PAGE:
Lassen Volcanic National Park Celebrates Centennial of Lassen Peak Eruption
Lassen and surrounding communities set to start year long celebration of centennial mark of Lassen Peak eruption and the establishment of Lassen Volcanic State Park
AS Memorial Day weekend comes into focus this week a destination to consider for the family may be Lassen Volcanic National Park. Not only is it a gem in the Northern Sierra and one of four National Parks in the Sierra that we believe everyone should experience, but this weekend will mark the kick off of a year long celebration of the Centennial mark of the Lassen Peak Eruption that gave us this national treasure.
The information below is provided via the Lassen Volcanic National Park website and Summer Newspaper. For more information about what other activities are planned click here:
Join Lassen Volcanic staff and scientists from the U.S. Geological Survey (USGS) for special events celebrating a series of Lassen Peak eruptions that brought Lassen to the world stage and helped paved the way for the establishment of the park on August 9, 1916. Events include USGS presentations, an eruption celebration and commemoration, campfire talks, guided walks, and night sky viewing from the Devastated Area. View the event schedule.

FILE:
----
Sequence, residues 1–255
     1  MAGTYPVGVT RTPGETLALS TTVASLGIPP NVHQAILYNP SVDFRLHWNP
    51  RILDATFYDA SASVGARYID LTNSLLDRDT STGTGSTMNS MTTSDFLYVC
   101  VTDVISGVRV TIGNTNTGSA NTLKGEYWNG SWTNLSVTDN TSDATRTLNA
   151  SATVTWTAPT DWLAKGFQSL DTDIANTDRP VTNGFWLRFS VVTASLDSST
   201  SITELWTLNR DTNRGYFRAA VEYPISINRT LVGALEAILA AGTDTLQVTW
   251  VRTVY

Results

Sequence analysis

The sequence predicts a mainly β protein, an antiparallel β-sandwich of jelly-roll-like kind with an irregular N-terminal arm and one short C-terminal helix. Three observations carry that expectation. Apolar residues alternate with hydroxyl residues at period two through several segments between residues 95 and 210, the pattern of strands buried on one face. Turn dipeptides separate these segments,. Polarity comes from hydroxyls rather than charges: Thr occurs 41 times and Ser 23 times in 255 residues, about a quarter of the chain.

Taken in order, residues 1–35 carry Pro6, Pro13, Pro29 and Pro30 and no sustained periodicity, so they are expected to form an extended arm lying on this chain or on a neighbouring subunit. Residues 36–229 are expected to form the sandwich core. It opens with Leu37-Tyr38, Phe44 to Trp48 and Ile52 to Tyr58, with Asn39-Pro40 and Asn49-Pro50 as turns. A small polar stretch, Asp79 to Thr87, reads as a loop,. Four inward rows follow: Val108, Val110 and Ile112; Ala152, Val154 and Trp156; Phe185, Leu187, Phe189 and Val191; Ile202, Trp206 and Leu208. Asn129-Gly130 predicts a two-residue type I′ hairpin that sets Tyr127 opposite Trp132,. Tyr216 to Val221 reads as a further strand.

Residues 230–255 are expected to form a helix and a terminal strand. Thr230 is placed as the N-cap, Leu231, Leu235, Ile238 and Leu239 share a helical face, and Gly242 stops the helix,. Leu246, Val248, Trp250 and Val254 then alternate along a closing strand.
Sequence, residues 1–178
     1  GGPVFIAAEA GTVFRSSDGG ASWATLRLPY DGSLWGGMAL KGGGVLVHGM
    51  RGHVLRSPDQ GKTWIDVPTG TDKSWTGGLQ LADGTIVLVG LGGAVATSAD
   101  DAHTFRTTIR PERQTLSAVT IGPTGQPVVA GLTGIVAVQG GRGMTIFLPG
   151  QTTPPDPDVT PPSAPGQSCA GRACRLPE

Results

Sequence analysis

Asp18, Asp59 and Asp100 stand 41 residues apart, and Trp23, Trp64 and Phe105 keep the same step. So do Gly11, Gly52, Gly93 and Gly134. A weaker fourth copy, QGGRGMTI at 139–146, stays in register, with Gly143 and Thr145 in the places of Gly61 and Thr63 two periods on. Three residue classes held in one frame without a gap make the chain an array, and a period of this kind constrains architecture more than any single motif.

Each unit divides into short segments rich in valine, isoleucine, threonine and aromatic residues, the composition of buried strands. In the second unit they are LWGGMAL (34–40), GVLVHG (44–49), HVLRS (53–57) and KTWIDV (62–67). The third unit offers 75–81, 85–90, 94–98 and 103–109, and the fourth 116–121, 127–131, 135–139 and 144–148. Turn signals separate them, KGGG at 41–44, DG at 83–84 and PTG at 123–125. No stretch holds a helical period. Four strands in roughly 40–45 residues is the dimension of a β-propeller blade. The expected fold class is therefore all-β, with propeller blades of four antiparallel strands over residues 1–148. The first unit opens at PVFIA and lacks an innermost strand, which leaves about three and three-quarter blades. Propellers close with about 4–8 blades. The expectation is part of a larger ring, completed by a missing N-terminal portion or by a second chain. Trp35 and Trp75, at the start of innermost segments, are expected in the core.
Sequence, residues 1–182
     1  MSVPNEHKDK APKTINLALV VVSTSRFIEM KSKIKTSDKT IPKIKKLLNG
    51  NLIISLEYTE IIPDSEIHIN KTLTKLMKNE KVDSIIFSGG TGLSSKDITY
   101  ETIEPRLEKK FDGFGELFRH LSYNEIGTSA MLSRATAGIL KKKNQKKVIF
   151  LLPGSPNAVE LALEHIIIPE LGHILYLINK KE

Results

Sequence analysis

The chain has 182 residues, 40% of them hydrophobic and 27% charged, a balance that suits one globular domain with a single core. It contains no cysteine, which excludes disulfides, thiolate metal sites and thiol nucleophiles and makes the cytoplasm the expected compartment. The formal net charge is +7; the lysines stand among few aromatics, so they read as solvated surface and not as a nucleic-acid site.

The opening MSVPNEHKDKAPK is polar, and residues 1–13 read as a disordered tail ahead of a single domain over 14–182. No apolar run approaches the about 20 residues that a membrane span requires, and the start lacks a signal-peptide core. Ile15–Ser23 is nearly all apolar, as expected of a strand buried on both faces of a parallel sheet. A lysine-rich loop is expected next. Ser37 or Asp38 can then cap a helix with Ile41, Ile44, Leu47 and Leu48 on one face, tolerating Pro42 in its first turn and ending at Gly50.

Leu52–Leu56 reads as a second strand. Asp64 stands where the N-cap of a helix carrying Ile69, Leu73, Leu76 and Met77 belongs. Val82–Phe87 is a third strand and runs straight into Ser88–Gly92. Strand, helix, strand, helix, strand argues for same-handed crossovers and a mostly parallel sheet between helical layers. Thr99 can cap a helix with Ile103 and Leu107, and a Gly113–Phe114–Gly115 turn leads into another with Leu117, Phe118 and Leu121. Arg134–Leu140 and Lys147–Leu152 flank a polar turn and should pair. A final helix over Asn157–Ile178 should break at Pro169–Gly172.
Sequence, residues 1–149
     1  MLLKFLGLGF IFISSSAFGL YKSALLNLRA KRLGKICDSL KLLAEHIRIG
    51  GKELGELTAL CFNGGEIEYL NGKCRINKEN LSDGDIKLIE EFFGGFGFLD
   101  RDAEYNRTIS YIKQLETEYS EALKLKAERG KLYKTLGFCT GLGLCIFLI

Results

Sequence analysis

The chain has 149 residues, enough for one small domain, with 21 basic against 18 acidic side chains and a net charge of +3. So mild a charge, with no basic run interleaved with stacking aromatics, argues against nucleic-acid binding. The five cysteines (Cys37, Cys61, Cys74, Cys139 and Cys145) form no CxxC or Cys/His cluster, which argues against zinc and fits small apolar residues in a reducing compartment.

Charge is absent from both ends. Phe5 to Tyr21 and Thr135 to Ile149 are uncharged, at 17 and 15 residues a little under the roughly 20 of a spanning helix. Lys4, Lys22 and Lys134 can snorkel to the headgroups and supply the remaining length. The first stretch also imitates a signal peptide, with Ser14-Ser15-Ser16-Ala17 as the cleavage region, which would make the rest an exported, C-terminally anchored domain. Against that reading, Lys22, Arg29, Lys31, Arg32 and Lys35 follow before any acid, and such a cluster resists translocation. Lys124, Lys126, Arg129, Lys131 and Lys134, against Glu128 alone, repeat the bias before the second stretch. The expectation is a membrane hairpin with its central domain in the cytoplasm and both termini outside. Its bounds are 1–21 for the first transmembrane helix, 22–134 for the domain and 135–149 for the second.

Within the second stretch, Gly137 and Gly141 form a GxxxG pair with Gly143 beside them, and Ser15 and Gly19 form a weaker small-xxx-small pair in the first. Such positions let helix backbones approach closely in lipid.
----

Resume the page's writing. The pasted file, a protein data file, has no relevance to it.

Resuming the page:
May 22, 2015 marks the centennial of the Lassen Peak eruption. It was one hundred years ago that an explosive eruption on Lassen Peak devastated nearby areas, raining volcanic ash as far as 200 miles to the east. This explosion, the most powerful in a 1914 – 1917 series of eruptions, provided the impetus for the establishment of Lassen Volcanic National Park on August 9, 1916. In celebration of the Lassen Peak eruption, the park is teaming up with the U.S. Geological Survey (USGS) to provide park visitors with an assortment of activities and presentations during the month of May. The focus of events will highlight the significance of the Lassen Peak eruptions and current monitoring and research by USGS seismologists of potentially active volcanoes, like Lassen Peak, throughout the Cascade Range. View the event schedule at go.nps.gov/lavo/centennial. This year’s Lassen Peak eruption centennial also provides a precursor and stepping-stone to the centennial of both Lassen Volcanic National Park and the National Park Service in August 2016. In celebration of these two centennial signature events, Lassen Volcanic has numerous activities planned for next summer. These include a Dark Sky Dinner Fundraiser event, the official reopening of the Lassen Peak Trail and the culminating “Day in the Park” festival that will feature ranger programs, hikes, demonstrations, activities, and special guest presentations. As the park’s new superintendent, it’s exciting to be a part of the centennial celebrations and what the future holds for the park—I am equally honored to be a part of that future. I invite you to come join in the fun and celebrate the next century of your park